Brad Paisley believes that singer–songwriters must push themselves to the limit when it comes to writing songs. In a 2014 Taste of Country interview the singer suggested, “I’m just saying that we as writers can do better.” Growing tired of repetition the star insisted, “There are phrases that are totally cliché that we as songwriters owe it to ourselves to not use again.”

During his career, the Glen Dale, West Virginia native, has written countless songs for himself and other singers, and many of them his fans know by heart. 

Though he earned a Bachelor of Business Administration degree from Belmont University, he still found time to pursue his passion for songwriting and singing. In his early career, Paisley opened for Ricky Skaggs, George Jones and The Judds.

His debut single, “Who Needs Pictures,” earned him an invitation to the Grand Ole Opry stage in 1999. He co-wrote his number one hit, “He Didn’t Have To Be,” with Kelley Lovelace, who discussed her collaboration experience with Paisley in a 2015 interview with “Song-Writer Universe.” 

“Brad and I…we’ve been friends since 1994,” she said. “We got to be buddies before we started working together. We have very alike personalities. Whenever he’s in the studio, whenever he’s writing and recording, I’m pretty much doing that. I’m trying to come up with ideas, feed him ideas and feed him songs and be as much a part of that process as possible. It’s a huge blessing to have that kind of relationship with any artist, much less one as successful as Brad has been over the years. That’s my first priority when he’s recording.” 

Further songwriting in 2000 resulted in Top 20 hit “Me Neither” and Paisley’s second No. 1 single, “We Danced.” In 2001 Paisley reached all-star status when his album went platinum and the Country Music Association handed him the Horizon Award. The same year at age 28 he became the youngest member ever to be inducted into the Grand Ole Opry. He was also given the Best New Male Vocalist Trophy from the Academy of Country Music.

Paisley co-wrote several songs with Chely Wright. One of the songs, “Hard To Be A Husband, Hard To Be A Wife,” was written for a PBS special that was nominated for the Country Music Association’s Vocal Event of the Year award. Paisley continued to co-write, sing and play guitar on Wright’s 2001 album, “Never Love You Enough.” 

In 2002 Paisley won CMA’s Video of the Year for, “I’m Gonna Miss Her (The Fishin’ Song).” His part two album remained on charts for 70 weeks and produced his co-written Top 10 hits, “Two People Fell In Love,” “Wrapped Around” and “I Wish You’d Stay.” Paisley’s two-time platinum 2003 album, “Mud on The Tires” produced “Whiskey Lullaby,” “Celebrity,” “Mud on The Tires” and “Little Moments.” All three singles made the top three on country charts.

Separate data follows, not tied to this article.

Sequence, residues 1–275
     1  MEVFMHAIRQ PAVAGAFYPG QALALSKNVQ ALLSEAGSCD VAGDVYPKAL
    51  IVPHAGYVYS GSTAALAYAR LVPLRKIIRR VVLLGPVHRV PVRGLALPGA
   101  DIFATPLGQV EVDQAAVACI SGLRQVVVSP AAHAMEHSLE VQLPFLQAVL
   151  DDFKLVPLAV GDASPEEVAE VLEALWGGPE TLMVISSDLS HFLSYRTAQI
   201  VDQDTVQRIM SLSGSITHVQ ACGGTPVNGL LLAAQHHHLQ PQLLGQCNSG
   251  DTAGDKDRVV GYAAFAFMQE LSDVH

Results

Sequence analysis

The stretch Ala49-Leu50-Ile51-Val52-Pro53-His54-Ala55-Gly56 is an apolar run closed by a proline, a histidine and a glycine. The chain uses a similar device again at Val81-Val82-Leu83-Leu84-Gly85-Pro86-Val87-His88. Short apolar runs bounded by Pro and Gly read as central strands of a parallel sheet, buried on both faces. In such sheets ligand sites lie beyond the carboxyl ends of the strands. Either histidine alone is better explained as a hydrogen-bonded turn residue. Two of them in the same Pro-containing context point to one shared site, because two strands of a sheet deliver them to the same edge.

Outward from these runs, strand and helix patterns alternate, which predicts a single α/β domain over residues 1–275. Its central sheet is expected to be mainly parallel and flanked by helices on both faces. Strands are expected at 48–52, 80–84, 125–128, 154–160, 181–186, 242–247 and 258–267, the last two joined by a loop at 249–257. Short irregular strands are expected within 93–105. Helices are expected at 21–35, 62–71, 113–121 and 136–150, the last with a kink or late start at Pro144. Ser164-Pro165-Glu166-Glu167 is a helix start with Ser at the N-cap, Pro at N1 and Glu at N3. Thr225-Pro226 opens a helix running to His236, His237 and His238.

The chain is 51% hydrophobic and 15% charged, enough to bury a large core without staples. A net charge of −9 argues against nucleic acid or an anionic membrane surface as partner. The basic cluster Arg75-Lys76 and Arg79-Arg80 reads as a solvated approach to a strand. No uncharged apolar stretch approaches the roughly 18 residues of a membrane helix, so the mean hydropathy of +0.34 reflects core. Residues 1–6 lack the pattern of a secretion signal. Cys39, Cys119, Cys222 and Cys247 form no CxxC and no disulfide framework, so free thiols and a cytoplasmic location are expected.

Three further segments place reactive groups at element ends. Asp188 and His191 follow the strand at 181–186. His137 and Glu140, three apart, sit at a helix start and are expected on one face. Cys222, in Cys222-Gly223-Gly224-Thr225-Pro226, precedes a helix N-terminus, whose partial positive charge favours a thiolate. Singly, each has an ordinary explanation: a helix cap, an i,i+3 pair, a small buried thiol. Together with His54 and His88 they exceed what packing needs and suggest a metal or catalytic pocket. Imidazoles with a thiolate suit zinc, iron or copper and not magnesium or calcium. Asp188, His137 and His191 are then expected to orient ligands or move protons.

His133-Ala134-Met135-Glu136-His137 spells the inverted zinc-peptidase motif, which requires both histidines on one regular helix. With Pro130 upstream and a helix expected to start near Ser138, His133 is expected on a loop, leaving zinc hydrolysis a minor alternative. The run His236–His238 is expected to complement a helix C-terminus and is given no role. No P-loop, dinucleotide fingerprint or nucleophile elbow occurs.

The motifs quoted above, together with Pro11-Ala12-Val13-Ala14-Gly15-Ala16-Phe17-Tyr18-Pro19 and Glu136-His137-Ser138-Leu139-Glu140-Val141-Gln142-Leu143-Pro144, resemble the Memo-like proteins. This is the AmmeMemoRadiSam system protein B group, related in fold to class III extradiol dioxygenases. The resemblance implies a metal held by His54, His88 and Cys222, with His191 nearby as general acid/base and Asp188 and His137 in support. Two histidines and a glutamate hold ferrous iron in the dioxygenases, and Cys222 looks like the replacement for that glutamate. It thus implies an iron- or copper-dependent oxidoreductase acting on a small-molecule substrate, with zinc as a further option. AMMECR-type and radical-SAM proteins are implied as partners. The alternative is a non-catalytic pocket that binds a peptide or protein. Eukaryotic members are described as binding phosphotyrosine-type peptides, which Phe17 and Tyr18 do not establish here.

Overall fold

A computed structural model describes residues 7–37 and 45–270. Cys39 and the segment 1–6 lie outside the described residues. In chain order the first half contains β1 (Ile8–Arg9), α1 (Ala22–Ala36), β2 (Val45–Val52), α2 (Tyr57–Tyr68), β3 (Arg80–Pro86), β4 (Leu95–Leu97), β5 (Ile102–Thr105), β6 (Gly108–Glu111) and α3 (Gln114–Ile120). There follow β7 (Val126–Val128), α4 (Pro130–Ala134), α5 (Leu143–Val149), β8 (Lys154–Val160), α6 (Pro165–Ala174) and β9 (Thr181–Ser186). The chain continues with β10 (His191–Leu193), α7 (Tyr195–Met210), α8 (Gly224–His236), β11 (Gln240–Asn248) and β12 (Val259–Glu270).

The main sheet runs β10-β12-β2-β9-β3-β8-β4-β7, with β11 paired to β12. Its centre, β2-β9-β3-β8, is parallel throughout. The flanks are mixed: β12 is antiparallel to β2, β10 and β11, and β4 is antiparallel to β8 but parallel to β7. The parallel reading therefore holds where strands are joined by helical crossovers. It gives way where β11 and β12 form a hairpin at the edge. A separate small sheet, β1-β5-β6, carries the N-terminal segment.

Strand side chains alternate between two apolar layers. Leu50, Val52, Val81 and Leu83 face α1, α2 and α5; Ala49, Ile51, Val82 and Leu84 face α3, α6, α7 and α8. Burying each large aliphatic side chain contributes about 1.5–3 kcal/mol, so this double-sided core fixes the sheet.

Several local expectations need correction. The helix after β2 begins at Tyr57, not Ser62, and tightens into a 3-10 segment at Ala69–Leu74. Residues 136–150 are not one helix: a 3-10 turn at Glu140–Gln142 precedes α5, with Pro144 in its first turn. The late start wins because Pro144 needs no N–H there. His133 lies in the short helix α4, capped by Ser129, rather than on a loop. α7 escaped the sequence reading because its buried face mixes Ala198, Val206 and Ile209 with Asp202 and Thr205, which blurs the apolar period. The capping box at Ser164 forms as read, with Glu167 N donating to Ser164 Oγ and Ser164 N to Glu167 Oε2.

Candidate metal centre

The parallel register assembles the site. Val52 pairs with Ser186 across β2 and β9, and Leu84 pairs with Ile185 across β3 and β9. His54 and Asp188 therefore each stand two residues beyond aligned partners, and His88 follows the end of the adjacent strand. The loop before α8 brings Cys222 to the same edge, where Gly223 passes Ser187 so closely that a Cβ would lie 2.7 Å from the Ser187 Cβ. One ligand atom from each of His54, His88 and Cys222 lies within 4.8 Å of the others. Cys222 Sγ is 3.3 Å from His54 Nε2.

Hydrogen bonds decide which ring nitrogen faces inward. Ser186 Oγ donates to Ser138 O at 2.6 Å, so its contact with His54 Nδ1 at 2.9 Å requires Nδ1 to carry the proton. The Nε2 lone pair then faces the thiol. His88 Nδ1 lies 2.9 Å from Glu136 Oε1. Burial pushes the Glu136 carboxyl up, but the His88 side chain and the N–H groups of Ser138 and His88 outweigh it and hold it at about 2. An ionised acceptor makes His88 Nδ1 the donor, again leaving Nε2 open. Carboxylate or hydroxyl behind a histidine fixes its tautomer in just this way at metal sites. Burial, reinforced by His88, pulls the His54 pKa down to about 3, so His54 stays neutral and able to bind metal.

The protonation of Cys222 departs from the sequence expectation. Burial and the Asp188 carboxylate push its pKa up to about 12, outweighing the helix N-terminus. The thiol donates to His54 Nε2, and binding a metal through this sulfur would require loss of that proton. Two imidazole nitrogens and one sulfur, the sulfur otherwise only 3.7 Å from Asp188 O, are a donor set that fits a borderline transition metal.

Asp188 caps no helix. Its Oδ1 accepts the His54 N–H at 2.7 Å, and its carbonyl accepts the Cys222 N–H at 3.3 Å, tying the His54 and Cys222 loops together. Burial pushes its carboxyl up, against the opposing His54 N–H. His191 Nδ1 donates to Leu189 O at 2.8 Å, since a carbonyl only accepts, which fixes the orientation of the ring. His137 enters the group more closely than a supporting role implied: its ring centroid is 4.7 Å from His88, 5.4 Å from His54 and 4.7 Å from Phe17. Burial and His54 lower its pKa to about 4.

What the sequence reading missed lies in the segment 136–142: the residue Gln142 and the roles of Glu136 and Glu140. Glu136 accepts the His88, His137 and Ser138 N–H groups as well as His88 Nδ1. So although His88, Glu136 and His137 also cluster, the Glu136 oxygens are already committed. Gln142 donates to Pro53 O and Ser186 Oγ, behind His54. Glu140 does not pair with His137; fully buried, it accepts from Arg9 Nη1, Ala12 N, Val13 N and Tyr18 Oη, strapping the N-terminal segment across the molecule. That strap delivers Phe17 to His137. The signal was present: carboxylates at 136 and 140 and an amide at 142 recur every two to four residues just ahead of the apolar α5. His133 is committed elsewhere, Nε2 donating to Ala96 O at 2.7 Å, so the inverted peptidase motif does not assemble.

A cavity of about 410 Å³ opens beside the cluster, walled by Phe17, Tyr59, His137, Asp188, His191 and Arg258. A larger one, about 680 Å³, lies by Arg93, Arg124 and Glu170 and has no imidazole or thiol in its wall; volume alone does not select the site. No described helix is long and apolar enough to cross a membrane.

“Whiskey Lullaby,” Paisley’s duet with country and bluegrass star Allison Krauss, won 2005’s Country Music Association Award for Song of The Year. Paisley’s 2005 album, “Time Well Wasted,” won the Country Music Association Award for Best Album and was named 2006’s Album of Year by the Academy of Country Music. His self-written single, “Alcohol” reached number four on Billboard’s Hot Country Songs chart and was nominated for two Grammys. 

Paisley continued his songwriting and recording success with his fifth album, “5th Gear.” The album produced another four No. 1 singles, including “Ticks,” “Letter To Me,” “I’m Still a Guy” and “Online.” 

On Feb. 10, 2008, Paisley won the Grammy for the Best Country Instrumental for his song, “Throttleneck.” Paisley wrote “Then” in 2009 for his album, “American Saturday Night.” He performed the song on American Idol the same year. Paisley also performed for President and Mrs. Barack Obama at the White House in 2009. His song, “Old Alabama,” is from Paisley’s tenth album, “This Is Country Music.” The number one hit is about a man spending Saturday night with the woman of his dreams. 

Paisley co-wrote 2011’s “Remind Me” with Kelley Lovelace and Chris DuBois. The song became a hit duet with Country music sweetheart, Carrie Underwood. Paisley joined forces again with Kelley Lovelace and Chris DuBois while writing the 2012-2013 hit singles, “Southern Comfort,” “Beat This Summer,” “I Can’t Change The World” and “Mona Lisa.” The star teamed up with Hip-Hop artist, LL Cool J in 2013. Together they wrote “Accidental Racist.” The song discusses Southern Pride in a whole new light and discourages racism. 

In 2016 Paisley featured pop sensation Demi Lavoto in “Without a Fight.” His latest hit, “Today,” had 41,000 downloads the week it was released and has sold more than 90,000 copies. Paisley provided original songs for the animated motion picture, “Cars” and “Cars 2.” 

Paisley has won multiple awards, including three Grammys, 14 CMA Awards, two American Music Awards and 14 Academy of Country Music Awards. He continues writing, singing, playing guitar and touring across America. He married former “Nashville” star Kimberly Williams in 2003 with whom he has two sons, Huck and Jasper. 

 

  • story by Sasha Dunavant, Country Reunion Music © 2022

 

Throughout the history of Country Music, thousands of songs have been written and performed. Many of those songs were written by famous performers. Some were written for a star’s own records, while others were created to be sung by another artist. This story is part of the Singer-Songwriter Series explores some of those talented individuals whose work we know and love that have been published in our magazines.